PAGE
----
Texas’ voter ID law faces a fresh round of legal scrutiny in New Orleans on Tuesday, the next step in a long-winding case that may be headed for the U.S. Supreme Court. Three judges on the U.S. 5th Circuit Court of Appeals will hear arguments from Texas Solicitor General Scott Keller and lawyers for the plaintiffs, including minority groups and the U.S. Department of Justice. The case asks whether Texas intentionally discriminated against Hispanics and African-Americans when it passed what are widely considered the nation’s strictest rules for the identification voters must present at the polls. The dispute stands out in the national debate over recently tightened identification requirements in many Republican-controlled states, and could factor into whether Texas might – once again – need federal approval to enact new election laws.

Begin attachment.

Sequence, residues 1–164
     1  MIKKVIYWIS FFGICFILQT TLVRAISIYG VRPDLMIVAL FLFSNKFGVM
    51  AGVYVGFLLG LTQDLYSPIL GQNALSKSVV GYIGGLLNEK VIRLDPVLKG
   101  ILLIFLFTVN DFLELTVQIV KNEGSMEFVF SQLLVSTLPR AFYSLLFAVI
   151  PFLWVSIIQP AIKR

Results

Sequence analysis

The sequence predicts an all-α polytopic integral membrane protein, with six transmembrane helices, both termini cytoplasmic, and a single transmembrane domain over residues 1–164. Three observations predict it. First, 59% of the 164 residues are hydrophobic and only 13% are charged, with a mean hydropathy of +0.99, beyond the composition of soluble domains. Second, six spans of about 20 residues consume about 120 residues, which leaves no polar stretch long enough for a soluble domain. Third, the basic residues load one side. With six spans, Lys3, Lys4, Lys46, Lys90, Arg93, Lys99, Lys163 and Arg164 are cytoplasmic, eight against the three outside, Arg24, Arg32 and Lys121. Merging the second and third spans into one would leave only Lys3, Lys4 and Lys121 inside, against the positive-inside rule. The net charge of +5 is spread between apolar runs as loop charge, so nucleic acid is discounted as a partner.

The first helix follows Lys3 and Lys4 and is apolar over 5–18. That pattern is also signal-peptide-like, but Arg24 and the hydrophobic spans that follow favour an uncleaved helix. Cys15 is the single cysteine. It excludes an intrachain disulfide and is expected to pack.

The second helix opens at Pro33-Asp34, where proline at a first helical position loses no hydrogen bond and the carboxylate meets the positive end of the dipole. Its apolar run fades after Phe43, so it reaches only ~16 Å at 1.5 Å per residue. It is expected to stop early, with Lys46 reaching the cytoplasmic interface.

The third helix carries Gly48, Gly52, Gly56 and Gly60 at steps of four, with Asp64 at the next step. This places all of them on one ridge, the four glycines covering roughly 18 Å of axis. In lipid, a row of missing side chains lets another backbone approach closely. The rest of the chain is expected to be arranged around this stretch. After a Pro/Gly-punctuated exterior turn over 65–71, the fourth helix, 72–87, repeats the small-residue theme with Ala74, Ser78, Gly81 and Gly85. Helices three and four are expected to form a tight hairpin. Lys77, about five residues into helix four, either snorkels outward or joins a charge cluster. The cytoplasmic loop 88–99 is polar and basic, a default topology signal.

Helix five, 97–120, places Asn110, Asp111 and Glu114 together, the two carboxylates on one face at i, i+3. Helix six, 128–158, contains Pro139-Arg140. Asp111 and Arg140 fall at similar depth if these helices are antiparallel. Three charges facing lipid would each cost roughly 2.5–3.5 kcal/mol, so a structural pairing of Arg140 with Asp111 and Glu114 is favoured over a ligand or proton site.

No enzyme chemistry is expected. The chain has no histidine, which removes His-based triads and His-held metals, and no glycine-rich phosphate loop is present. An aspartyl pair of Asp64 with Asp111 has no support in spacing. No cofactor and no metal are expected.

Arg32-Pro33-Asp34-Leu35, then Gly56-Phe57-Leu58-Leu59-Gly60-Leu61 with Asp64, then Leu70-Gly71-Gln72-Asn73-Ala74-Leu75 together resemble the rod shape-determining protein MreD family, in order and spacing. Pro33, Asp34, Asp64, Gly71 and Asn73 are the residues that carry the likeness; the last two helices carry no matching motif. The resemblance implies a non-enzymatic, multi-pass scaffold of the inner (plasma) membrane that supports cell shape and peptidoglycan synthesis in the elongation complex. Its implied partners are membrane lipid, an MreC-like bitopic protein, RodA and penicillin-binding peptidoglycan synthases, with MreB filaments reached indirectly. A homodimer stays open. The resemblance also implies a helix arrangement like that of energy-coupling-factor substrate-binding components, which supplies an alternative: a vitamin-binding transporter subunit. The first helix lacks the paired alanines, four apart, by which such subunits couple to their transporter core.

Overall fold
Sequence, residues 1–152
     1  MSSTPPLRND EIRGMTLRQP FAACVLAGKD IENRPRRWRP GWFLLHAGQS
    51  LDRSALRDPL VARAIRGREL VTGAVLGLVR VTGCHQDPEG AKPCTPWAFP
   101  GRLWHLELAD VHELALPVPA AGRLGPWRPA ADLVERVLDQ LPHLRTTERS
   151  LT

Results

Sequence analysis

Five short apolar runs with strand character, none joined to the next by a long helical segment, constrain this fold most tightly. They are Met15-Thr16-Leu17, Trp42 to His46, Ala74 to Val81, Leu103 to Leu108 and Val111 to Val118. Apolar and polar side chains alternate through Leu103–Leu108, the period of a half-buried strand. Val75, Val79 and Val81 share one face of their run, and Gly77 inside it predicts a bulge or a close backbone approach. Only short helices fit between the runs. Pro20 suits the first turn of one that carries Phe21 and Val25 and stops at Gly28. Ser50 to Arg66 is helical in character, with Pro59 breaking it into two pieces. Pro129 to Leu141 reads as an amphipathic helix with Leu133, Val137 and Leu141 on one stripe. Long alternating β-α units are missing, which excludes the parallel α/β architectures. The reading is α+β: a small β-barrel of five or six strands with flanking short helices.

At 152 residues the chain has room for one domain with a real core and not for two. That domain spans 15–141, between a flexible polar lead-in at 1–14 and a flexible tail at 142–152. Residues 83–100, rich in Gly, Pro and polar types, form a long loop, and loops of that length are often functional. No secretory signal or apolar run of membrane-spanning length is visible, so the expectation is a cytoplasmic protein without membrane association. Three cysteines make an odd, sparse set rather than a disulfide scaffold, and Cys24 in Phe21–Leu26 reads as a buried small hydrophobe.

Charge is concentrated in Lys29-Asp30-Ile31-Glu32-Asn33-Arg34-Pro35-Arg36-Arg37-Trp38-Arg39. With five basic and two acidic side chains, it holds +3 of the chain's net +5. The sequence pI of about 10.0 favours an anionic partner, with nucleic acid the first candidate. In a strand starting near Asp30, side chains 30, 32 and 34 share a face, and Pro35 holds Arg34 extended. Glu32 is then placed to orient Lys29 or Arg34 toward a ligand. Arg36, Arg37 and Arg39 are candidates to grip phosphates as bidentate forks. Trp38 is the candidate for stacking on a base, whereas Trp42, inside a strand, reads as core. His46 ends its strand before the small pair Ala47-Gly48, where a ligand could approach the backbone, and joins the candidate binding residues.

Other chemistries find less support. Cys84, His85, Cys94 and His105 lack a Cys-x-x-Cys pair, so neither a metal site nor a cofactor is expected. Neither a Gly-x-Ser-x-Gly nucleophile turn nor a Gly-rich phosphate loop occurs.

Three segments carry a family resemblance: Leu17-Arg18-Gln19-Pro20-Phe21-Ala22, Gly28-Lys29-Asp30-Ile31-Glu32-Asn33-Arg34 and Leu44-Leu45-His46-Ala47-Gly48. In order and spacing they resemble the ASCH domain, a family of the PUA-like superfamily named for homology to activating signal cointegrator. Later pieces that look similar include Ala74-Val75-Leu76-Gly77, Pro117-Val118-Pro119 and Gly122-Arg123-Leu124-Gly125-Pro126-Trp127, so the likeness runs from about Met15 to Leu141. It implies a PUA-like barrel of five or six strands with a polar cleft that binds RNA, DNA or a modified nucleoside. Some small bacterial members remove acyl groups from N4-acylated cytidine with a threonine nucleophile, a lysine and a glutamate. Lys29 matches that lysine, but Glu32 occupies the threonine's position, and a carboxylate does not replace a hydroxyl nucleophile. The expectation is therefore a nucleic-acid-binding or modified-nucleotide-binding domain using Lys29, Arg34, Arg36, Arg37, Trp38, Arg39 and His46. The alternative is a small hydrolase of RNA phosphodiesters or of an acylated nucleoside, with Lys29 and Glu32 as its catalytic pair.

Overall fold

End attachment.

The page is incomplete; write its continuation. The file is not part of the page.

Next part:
The Texas law requires most citizens (some, like people with disabilities, can be exempt) to show one of a handful of allowable photo identifications before their votes can be counted. Acceptable forms include a state driver’s license or ID card that is not more than 60 days expired at the time of voting, a concealed handgun license, a U.S. passport, a military ID card or a U.S citizenship certificate with a photo. The acceptable list is shorter than any other state’s.
Experts say more than 600,000 Texans lack such identification. Those citizens can obtain “election identification certificates” free of charge, but must present a copy of their birth certificate. Searching for and obtaining copies of birth certificates can cost between $2 and $47 – charges critics say amount to a “poll tax.”